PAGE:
Voice from the Past Letters Directions

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Voice from the Past Letters


Write a letter to yourself to be read by you at some future date. Please try to capture your high school experience in a couple of pages, especially how you feel right now. Try to capture the essence of the 2012-2013 school year.

This is a fun assignment. I first started doing this with seniors in 1997, and it has been fun sending them out each summer. Getting a letter from yourself several years after you write it is a strange thing, so to make sure you have a good experience reading your letter five, ten, or fifteen years down the line, there are some guidelines to follow:

  • Have fun with this assignment

  • Keep it upbeat and optimistic

  • What are the happiest or best experiences you want to be reminded of?

  • Leave bad memories behind


  • Start with “Dear Me,” or “Dear Sarah,…. ” or use your nick name

  • Provide the DATE—that’s very important

You may want to include some of the following ideas or organize your thoughts according to the list below:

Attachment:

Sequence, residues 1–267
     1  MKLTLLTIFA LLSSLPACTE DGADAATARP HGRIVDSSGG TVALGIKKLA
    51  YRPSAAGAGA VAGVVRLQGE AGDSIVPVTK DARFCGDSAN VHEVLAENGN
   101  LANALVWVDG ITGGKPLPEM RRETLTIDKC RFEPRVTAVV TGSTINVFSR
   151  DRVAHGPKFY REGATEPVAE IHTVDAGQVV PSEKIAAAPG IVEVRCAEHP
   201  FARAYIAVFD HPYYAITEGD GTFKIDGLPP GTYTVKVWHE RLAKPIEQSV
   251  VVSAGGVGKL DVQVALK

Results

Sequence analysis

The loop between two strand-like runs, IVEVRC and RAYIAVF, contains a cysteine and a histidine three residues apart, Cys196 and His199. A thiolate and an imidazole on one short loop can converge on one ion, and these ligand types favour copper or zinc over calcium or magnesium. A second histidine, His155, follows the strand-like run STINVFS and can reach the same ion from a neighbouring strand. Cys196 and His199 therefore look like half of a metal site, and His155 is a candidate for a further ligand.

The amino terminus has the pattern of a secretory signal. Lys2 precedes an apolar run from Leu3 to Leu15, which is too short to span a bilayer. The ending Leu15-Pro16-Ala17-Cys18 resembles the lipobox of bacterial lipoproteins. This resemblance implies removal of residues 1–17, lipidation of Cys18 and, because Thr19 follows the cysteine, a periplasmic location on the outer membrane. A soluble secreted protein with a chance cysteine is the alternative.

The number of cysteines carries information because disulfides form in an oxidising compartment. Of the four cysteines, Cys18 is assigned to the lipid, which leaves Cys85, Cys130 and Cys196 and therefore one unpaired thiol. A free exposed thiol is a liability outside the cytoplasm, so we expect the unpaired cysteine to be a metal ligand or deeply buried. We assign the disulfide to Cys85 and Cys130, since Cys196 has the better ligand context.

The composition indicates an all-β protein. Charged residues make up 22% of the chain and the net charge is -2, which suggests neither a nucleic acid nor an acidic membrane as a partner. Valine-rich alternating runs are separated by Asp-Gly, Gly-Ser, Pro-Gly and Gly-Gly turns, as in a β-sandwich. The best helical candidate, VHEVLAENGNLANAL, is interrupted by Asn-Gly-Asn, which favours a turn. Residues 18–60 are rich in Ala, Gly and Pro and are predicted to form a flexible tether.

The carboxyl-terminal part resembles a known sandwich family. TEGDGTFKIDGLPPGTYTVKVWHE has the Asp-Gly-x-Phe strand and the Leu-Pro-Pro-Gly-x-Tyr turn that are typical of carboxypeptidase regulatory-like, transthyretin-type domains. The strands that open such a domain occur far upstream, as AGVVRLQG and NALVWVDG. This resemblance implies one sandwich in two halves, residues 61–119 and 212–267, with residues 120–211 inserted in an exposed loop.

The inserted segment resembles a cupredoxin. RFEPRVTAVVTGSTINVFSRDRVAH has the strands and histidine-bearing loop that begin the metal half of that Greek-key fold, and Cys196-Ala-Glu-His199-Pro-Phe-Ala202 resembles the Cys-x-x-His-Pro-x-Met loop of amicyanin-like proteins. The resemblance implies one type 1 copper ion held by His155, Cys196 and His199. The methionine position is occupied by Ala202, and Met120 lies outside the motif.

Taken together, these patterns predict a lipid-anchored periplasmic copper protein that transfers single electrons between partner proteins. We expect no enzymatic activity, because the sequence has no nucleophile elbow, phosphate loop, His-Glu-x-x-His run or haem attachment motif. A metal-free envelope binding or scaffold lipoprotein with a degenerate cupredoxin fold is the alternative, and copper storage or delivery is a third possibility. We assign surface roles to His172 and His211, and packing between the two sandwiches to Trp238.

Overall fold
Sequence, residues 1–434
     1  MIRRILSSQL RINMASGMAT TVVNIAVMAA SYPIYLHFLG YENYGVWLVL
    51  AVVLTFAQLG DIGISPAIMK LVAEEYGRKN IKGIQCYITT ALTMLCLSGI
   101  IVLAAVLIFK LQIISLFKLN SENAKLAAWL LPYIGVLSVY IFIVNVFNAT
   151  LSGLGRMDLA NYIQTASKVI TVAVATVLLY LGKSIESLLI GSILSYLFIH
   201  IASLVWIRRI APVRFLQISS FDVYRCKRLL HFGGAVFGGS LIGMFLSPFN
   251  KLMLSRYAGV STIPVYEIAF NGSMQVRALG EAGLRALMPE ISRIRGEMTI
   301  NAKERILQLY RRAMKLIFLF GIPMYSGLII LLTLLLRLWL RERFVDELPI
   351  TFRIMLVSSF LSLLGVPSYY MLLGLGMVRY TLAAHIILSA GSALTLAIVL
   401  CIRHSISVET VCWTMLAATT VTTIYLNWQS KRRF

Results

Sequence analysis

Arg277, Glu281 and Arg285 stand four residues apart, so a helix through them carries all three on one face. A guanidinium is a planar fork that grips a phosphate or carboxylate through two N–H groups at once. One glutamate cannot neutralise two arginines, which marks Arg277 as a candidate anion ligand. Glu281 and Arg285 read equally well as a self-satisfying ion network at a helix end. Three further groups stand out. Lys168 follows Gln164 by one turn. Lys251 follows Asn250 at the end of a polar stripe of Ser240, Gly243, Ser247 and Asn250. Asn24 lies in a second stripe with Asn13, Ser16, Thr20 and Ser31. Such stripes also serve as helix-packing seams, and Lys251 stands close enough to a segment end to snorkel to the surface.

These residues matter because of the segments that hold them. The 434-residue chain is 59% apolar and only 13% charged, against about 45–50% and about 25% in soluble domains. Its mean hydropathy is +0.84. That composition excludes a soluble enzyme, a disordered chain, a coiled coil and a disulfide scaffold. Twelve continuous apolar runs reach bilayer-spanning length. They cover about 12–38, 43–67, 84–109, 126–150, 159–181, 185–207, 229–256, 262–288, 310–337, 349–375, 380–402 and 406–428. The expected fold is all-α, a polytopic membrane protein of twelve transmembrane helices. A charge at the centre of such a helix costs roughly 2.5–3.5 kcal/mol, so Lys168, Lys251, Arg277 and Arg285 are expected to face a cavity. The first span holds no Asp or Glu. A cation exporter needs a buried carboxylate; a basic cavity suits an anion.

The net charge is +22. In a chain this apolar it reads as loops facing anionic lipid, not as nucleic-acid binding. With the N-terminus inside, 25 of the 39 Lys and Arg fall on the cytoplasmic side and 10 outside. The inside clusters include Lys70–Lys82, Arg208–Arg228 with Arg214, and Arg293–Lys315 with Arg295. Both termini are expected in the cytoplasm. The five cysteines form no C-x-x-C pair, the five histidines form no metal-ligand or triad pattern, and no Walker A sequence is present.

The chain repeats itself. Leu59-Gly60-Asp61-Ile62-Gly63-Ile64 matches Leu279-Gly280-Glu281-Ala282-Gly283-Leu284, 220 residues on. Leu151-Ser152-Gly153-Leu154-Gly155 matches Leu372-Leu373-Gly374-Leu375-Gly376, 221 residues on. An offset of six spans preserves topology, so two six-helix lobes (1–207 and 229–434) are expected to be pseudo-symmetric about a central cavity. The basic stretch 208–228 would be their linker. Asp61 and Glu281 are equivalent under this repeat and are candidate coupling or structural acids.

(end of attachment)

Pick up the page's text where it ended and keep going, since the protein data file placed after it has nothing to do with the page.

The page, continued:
• What do you want your 25-30-year-old self to know about your 17-year-old self?

*Have fun with this assignment. Be optimistic. Please keep in mind that you will be reading this in the future and if there is anything that you want to forget about at the present time, don’t include it in your letter. Leave bad memories behind. Look to the future.

  • If you would like to have a friend or family member write you a note, provide them a SMALL piece of paper to write something on. Don’t ask for a lengthy letter. This should be primarily a letter to you, from you.

You will receive credit for this assignment, which is due You must, must, must include TWO stamps or a “forever” stamp on self-addressed envelope. If you have a tendency to move a lot, please provide the address of a family member who is less likely to move.

2.1 Write autobiographical narratives:

a. Narrate a sequence of events and communicate their significance to the audience.
b. Locate scenes and incidents in specific places.
c. Describe with concrete sensory details the sights, sounds, and smells of a scene and the specific actions, movements, gestures, and feelings of the characters; use interior monologue to depict the characters' feelings.
d. Pace the presentation of actions to accommodate temporal, spatial, and dramatic mood changes.
e. Make effective use of descriptions of appearance, images, shifting perspectives, and sensory details.

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